Brazil

The country's capital, Brasília, was a planned city built in the middle of the vast empty center of Brazil, at that time (1960) thousands of kilometers from any big city. It was built in four years and concrete needed to be transported occasionally by airplane.

The former capital of Brazil was Rio de Janeiro, and resources tended to be concentrated in the southeast region of Brazil. While the city was built because there was a need for a neutrally-located federal capital, the main reason was to promote the development of Brazil's hinterland and better integrate the entire territory of Brazil. Brasília is approximately at the geographical center of Brazilian territory.

Lúcio Costa, the city's principal architect, designed the city to be shaped like a butterfly. Housing and offices are situated on giant superblocks, everything following the original plan. The plan specifies which zones are residential, which zones are commercial, where industries can settle, where official buildings can be built, the maximum height of buildings, etc.

Other notable planned cities in Brazil include Teresina,Curitiba, Belo Horizonte (inaugurated in 1897), Petrópolis, Boa Vista, Goiânia, Palmas, Londrina, and Maringá (the latter two in the state of Paraná).

Bulgaria

The cities of Stara Zagora and Kazanlak, in central Bulgaria, were rebuilt as planned cities after they were burnt to the ground in the 1877-1878 Russia-Turkey War. Also the city of Dimitrovgrad in south Bulgaria, that was planned as a key industrial and infrastructure center.

Canada

When Prime Minister Sir John A. Macdonald began to settle the West in Canada, he put the project under the command of the Canadian Pacific Railway (CPR). The CPR exercised complete control over the development of land under its ownership. The federal government granted every second square mile section (totalling 101,000 km²) along the proposed railway line route to the CPR. The CPR decided where to place railway stations, and thus would decide where the dominant town of the area would be. In most instances the CPR would build a station on an empty section of land to make the largest profit from land sales — meaning that the CPR founded many of the Canadian West's towns, such as Medicine Hat and Moose Jaw, from scratch. If an existing town was close to the newly constructed station but on land not owned by the CPR, the town was forced to move itself to the new site and reconstruct itself, essentially building a new town. Calgary and Yorkton, Saskatchewan, were among the towns that had to move themselves.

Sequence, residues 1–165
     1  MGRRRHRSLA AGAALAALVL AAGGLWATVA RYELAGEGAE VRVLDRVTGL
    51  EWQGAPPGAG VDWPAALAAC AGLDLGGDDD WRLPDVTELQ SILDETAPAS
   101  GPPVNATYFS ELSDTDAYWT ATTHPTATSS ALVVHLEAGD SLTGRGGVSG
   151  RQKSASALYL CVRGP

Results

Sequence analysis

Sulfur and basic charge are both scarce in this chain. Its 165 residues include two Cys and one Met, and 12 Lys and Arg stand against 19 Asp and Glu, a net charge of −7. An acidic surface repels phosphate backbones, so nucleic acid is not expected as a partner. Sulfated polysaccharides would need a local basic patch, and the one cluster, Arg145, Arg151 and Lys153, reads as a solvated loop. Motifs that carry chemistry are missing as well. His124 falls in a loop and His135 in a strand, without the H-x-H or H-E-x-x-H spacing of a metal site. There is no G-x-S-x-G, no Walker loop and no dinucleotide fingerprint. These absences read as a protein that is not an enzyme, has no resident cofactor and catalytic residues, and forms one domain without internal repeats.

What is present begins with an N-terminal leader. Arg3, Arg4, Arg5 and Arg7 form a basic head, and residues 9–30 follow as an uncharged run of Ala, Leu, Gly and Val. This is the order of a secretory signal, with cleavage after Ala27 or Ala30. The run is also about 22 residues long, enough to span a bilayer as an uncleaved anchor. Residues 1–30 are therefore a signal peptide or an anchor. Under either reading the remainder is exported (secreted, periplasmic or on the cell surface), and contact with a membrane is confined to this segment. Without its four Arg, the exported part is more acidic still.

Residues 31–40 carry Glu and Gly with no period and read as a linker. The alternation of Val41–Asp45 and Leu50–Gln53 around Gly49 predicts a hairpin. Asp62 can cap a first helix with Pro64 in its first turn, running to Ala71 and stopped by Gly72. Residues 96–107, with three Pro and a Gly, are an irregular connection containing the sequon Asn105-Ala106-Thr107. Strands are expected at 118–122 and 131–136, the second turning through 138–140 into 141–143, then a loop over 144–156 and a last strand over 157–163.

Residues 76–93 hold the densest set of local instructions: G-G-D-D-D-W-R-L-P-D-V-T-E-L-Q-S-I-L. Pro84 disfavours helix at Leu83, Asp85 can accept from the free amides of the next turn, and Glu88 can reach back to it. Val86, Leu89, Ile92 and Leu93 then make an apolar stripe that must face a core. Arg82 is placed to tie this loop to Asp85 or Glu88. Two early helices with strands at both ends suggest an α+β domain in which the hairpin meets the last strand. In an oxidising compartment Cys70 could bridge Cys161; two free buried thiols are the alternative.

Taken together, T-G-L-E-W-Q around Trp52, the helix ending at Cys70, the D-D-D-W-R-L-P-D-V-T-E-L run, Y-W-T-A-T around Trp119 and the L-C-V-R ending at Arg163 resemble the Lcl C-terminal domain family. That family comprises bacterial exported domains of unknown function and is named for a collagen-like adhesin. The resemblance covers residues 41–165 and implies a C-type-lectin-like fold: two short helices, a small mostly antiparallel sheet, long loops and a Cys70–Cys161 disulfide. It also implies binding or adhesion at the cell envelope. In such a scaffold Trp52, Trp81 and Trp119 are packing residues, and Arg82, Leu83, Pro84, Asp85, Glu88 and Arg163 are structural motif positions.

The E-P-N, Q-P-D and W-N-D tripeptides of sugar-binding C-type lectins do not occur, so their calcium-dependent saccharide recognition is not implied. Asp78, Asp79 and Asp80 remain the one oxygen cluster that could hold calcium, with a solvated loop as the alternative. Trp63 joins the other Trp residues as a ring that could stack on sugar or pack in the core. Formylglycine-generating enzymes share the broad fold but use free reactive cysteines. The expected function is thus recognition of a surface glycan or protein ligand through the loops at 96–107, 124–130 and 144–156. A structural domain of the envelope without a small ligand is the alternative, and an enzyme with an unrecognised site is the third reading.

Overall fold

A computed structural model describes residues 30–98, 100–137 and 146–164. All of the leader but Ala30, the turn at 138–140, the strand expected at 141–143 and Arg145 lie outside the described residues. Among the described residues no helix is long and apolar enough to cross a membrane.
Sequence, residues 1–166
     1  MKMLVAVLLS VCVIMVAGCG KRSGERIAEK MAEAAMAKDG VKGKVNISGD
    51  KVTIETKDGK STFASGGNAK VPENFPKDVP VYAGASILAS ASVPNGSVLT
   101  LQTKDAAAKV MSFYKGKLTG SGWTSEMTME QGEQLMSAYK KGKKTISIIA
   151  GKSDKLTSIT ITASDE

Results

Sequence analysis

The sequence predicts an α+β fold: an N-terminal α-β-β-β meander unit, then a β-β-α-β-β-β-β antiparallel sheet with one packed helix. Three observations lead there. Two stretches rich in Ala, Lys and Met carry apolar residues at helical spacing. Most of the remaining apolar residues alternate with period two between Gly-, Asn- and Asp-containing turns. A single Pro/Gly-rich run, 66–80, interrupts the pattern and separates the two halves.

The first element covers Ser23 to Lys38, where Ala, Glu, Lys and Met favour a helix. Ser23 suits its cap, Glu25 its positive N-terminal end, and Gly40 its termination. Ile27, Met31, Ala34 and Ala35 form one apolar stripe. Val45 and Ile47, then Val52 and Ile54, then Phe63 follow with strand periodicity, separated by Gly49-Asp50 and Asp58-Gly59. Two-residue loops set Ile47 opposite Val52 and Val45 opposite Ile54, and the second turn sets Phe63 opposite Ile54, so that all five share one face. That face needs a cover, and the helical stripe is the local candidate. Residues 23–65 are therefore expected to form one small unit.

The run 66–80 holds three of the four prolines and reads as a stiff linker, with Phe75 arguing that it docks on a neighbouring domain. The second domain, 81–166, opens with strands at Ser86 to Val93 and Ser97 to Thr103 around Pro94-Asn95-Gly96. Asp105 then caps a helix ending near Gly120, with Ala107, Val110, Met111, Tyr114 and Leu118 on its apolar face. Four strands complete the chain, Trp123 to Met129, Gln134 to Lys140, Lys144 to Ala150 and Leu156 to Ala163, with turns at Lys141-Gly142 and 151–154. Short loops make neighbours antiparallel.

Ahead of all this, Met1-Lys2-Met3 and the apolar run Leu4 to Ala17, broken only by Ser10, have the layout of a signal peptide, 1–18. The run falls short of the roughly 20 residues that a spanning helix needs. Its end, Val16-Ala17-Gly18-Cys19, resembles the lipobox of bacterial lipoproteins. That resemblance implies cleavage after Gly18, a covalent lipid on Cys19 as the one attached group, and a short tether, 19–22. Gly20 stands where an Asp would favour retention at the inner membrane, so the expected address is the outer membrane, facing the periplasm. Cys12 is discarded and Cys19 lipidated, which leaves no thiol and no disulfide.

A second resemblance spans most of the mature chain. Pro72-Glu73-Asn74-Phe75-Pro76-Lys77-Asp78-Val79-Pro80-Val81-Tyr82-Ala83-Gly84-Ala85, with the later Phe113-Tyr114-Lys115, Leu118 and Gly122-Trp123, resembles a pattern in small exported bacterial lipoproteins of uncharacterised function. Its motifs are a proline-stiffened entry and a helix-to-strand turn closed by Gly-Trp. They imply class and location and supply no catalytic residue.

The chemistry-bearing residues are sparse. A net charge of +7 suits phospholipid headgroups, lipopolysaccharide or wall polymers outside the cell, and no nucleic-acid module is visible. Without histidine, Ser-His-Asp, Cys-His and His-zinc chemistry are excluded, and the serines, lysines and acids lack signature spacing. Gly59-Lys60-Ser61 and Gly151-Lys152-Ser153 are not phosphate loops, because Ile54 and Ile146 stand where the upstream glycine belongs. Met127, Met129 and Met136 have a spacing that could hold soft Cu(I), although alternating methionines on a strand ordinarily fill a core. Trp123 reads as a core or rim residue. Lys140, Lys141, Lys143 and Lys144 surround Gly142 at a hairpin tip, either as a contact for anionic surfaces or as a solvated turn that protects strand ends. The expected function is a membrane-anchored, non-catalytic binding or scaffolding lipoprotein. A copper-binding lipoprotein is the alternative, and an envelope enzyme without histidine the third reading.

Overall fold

After the CPR established a station at a particular site, it would plan how the town would be constructed. The side of the tracks with the station would go to business, while the other side would go to warehouses. Furthermore, the CPR controlled where major buildings went (by giving the town free land to build it where the CPR wanted it to go), the construction of roads and the placement and organization of class-structured residential areas.

The CPR's influence over the development of the Canadian west's communities was one of the earliest examples of new town construction in the modern world. Later influences on planned community development in Canada were the exploitation of her mineral and forest wealth, usually in remote locations of the vast country. Among numerous company towns planned and built for these purposes were Corner Brook and Grand Falls in Newfoundland, Témiscaming and Fermont in Quebec.